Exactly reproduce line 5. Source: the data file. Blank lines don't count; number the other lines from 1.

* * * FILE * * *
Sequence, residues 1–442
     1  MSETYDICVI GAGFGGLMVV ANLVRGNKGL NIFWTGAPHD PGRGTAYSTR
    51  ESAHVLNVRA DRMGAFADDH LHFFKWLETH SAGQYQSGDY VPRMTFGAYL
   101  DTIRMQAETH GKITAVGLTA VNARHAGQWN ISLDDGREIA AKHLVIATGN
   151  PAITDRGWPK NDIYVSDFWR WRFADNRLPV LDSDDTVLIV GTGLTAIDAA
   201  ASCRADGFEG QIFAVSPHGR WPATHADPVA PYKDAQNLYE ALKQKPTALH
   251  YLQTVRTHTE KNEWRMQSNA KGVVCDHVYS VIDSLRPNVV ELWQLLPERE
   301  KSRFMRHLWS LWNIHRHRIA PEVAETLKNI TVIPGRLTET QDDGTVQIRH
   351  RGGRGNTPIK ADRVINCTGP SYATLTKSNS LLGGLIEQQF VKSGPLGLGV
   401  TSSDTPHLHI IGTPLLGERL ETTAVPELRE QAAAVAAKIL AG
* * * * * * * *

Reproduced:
   151  PAITDRGWPK NDIYVSDFWR WRFADNRLPV LDSDDTVLIV GTGLTAIDAA